Screening & Live Event
Of the Deep: Films by the Department of Tropical Research
Sunday, February 25, 2018, 2:00 p.m.
Museum of the Moving Image - Redstone Theater
With Fabien Cousteau and Howard Rosenbaum in person
Introduced by Director of the New York Aquarium Jon Forrest Dohlin
William Beebe in the 1930s, in his steel-walled sphere—the Bathysphere—made record-setting dives fathoms below the ocean surface to discover marine organisms living in darkness. A famed ecologist, ornithologist, and ichthyologist from New York, Beebe’s research crew was named the Department of Tropical Research (DTR). Women and men, scientists and artists, belonged to the DTR (part of the New York Zoological Society, now known as the Wildlife Conservation Society), and some went on to Hollywood fame. Members Ruth Rose and Ernest Schoedsack made King Kong, and Floyd Crosby (Tabu, High Noon) got his first professional experience behind a movie camera on a 1927 expedition to Haiti. On February 25, Science on Screen presents documentary films that Crosby and other DTR members shot, some of which have not been screened since the Department of Tropical Research toured with them in the 1930s.
The film program will be introduced by Jon Dohlin, Vice President and Director of the New York Aquarium, and presented with live musical accompaniment by High Water. It will be followed by a discussion about marine ecology and underwater filmmaking with conservation biologist and whale researcher Howard Rosenbaum and Fabien Cousteau, grandson of pioneer Jacques Cousteau and himself an oceanographic explorer and filmmaker. The program duration is approximately 90 mins.
Before the film program, hand-colored lanternslides from the Department of Tropical Research expeditions will play. Music from DTR cinematographer Floyd Crosby’s son, David Crosby (Crosby, Stills, & Nash), will also be featured.
Credits: All footage courtesy the Wildlife Conservation Society. Lanternslide film courtesy Katherine McLeod, Mark Dion, Madeleine Thompson, and Sarah Enid Hagey. Special thanks to archivist at the Wildlife Conservation Society Archives Madeleine Thompson.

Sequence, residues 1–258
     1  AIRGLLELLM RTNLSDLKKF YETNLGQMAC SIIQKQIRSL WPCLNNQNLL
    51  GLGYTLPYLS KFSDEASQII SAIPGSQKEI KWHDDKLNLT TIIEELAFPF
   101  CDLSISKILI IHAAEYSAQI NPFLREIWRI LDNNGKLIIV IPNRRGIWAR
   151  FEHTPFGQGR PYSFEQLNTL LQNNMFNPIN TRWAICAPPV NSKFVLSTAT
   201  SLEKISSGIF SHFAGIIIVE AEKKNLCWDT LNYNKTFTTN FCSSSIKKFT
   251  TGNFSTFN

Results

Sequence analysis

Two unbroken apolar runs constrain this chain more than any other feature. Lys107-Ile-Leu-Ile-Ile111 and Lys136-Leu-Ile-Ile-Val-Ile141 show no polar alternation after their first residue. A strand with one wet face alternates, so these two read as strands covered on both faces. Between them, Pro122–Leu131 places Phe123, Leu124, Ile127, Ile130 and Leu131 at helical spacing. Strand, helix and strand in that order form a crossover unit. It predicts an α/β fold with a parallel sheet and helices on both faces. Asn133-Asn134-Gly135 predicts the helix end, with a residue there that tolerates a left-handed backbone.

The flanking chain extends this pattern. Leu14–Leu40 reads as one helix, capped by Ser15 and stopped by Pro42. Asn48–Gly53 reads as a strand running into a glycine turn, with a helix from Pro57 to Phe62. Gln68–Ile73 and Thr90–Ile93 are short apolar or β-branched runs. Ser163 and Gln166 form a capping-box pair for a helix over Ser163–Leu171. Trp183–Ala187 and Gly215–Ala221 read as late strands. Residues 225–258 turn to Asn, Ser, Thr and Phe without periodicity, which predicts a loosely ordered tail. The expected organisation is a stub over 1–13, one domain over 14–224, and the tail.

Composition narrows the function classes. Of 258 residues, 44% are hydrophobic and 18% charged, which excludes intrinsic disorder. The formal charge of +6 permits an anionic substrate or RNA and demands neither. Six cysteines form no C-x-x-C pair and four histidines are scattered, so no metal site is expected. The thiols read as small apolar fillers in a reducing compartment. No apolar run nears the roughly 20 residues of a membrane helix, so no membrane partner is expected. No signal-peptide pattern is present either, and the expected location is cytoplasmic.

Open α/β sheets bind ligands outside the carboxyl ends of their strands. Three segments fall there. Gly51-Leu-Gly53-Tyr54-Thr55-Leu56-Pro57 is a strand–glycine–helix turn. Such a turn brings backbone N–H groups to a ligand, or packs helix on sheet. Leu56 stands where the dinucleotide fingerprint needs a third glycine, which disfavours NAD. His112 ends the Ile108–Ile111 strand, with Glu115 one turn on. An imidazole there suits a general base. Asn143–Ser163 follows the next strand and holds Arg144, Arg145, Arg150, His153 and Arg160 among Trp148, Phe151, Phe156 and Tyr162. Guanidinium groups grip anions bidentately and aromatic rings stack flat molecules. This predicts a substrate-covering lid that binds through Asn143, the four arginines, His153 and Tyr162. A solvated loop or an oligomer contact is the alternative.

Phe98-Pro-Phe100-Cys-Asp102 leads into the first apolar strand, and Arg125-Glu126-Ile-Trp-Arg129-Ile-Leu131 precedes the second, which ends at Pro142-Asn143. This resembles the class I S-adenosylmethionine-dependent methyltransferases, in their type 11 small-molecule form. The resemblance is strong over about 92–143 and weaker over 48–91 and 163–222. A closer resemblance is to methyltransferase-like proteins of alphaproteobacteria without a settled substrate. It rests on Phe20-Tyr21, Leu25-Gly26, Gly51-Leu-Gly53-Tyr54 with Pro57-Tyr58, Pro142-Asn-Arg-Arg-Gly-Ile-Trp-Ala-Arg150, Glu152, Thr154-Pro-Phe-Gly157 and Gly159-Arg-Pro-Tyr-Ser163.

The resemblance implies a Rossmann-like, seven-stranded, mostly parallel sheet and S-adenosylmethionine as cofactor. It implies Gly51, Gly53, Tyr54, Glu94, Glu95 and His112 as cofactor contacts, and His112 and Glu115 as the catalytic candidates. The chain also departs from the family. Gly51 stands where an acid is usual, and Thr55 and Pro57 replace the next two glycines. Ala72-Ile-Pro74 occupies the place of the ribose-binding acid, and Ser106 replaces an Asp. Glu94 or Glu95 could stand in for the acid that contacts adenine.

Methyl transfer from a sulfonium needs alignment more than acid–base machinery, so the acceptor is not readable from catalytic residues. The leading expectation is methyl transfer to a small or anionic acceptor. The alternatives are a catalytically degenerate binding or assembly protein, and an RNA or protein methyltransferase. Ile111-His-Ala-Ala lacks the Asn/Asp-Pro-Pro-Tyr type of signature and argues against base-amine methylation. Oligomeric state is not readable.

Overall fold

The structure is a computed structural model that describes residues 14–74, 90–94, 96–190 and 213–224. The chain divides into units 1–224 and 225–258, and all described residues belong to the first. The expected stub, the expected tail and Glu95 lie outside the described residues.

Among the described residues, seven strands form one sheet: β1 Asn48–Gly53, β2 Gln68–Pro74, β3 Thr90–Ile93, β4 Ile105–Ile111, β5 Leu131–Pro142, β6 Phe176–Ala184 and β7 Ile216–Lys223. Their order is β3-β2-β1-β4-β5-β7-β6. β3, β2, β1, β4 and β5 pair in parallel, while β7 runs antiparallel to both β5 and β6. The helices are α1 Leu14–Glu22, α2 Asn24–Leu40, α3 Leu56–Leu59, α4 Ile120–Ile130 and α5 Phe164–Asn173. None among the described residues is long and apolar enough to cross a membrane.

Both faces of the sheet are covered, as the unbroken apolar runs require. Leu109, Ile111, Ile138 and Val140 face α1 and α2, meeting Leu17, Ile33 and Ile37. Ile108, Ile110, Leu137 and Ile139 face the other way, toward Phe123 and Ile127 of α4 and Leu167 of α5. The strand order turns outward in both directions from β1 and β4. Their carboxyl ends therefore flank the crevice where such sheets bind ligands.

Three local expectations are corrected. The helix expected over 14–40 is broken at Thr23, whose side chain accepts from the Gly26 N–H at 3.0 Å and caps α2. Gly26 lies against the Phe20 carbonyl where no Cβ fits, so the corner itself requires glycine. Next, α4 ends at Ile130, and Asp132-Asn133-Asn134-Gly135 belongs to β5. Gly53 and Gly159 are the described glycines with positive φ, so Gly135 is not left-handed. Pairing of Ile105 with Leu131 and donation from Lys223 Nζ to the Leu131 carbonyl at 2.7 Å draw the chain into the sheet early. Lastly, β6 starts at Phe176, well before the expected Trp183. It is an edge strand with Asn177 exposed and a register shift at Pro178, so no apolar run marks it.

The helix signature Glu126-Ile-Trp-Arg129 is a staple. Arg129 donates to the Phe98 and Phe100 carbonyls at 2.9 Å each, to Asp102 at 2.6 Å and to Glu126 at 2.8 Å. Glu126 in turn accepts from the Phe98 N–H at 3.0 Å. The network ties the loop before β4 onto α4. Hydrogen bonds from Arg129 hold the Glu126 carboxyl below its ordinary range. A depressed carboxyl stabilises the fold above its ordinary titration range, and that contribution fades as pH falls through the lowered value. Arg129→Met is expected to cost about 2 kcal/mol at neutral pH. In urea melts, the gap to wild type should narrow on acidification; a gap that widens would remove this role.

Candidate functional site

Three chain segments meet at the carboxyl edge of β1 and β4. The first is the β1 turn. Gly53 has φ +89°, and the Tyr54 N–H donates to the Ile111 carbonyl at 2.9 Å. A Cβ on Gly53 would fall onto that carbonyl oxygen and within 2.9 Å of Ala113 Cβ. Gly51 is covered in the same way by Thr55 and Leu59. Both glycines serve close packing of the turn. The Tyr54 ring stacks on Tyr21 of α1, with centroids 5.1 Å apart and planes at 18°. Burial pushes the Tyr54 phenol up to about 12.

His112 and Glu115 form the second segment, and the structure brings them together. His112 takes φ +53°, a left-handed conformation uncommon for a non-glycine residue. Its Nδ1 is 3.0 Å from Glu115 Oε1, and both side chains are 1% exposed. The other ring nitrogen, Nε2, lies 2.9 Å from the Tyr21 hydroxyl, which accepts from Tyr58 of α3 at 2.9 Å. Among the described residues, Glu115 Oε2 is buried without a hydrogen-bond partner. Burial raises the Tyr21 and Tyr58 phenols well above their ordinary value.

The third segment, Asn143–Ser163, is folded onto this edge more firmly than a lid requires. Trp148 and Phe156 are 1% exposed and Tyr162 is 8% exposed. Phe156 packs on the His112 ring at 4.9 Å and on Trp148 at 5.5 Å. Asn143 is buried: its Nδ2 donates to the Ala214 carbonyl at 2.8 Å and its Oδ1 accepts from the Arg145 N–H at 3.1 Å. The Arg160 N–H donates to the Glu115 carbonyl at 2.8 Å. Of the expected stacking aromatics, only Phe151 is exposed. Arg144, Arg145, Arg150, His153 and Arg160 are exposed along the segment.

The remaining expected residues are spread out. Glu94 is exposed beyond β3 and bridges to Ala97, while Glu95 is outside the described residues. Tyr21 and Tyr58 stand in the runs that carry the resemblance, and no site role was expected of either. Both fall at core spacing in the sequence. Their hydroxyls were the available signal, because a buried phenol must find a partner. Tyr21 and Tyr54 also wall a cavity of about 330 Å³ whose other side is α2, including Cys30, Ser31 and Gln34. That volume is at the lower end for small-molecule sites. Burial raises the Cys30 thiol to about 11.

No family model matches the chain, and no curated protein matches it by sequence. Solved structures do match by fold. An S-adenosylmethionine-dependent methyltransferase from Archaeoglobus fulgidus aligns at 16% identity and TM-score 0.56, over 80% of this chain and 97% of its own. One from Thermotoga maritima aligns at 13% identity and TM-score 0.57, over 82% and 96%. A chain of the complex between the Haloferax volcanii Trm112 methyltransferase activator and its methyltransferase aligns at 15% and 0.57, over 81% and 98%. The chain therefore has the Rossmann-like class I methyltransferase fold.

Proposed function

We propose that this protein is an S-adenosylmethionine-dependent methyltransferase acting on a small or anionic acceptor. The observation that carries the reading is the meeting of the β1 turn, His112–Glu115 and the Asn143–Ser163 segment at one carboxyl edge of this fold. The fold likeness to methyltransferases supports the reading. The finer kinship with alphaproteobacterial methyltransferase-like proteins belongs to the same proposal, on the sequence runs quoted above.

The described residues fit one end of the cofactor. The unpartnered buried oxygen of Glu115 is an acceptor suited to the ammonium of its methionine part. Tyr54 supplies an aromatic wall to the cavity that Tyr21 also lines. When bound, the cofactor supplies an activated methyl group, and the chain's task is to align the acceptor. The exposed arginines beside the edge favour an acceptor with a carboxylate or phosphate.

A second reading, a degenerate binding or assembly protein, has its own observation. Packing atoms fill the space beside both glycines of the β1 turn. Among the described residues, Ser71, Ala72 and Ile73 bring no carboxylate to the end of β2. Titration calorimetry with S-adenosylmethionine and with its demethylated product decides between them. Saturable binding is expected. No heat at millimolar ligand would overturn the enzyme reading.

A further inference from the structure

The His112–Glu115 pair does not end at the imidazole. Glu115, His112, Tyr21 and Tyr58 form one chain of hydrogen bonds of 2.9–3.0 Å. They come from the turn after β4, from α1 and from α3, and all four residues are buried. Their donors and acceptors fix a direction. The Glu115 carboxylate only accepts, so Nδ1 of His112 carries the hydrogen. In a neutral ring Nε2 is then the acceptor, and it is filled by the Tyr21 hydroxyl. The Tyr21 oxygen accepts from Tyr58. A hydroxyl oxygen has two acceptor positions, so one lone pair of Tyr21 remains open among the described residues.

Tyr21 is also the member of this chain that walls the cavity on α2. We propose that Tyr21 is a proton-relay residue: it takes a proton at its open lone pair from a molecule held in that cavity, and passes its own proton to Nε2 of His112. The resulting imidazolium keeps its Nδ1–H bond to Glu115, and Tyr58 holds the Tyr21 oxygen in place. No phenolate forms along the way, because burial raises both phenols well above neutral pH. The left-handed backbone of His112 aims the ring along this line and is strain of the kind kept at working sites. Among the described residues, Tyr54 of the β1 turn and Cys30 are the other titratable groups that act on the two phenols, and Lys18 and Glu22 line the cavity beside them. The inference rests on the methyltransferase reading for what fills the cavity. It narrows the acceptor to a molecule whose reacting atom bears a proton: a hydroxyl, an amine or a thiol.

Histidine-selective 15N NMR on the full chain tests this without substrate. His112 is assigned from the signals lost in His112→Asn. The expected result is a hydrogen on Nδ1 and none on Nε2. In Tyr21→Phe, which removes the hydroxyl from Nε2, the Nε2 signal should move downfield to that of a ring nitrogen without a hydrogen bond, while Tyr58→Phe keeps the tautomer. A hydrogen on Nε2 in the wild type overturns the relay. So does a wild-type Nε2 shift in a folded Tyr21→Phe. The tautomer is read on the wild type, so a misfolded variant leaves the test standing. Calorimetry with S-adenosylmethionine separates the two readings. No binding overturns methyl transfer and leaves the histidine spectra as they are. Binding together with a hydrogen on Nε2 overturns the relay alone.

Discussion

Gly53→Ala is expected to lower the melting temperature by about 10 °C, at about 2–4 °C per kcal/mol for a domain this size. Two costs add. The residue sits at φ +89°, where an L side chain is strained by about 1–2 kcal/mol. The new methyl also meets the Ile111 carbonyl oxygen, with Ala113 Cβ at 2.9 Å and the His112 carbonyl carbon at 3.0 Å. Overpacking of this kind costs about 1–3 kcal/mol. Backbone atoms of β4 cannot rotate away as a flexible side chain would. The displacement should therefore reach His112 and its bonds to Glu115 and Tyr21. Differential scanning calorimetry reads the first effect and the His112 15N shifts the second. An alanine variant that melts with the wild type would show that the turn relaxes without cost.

Tickets: $15 (Free for members at the Film Lover level and MoMI Kids Premium levels and above). Order tickets online. (Members may contact email@example.com with questions regarding online reservations.)
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About the speakers
Fabien Cousteau is an oceanographic explorer, conservator, and filmmaker who grew up on his grandfather Jacques Cousteau’s ships. Cousteau led the longest scientific expedition on the world’s only underwater marine laboratory, living underwater for 31 days. He has studied sharks, coral reefs, and worked to restore ecosystems. Cousteau has used film underwater to study marine animals, and has collaborated to produce television specials such as Attacks of the Mystery Shark (National Geographic), Mind of a Demon (CBS), and Ocean Adventures (PBS). Cousteau is founder of the Ocean Learning Center, which raises awareness and leads initiatives to help preserve marine habitats and life.
Howard Rosenbaum is the Director of the Wildlife Conservation Society’s Ocean Giants Program and has more than 25 years experience in marine mammal research and conservation activities involving a number of large whale and dolphin species. His research interests involve the application of current techniques in molecular biology to the conservation of wildlife. In addition to his position at the Wildlife Conservation Society, Dr. Rosenbaum is a Senior Scientist at the American Museum of Natural History, is on the United States delegation to the International Whaling Commission, and is a faculty member at Columbia University.
Jon Forrest Dohlin is a Vice President of the Wildlife Conservation Society and the Director of the New York Aquarium, where he oversees the care and exhibition of its animals and conservation programs. Under his leadership, the Aquarium is nearing completion of the $150 million "Ocean Wonders: Sharks!" exhibit which will introduce visitors to New York City’s marine wildlife and the work WCS researchers are doing to protect it. The Aquarium is also beginning construction on a $100 million rebuild of the areas damaged by Hurricane Sandy, which will include resiliency measures to protect the facility in future weather events.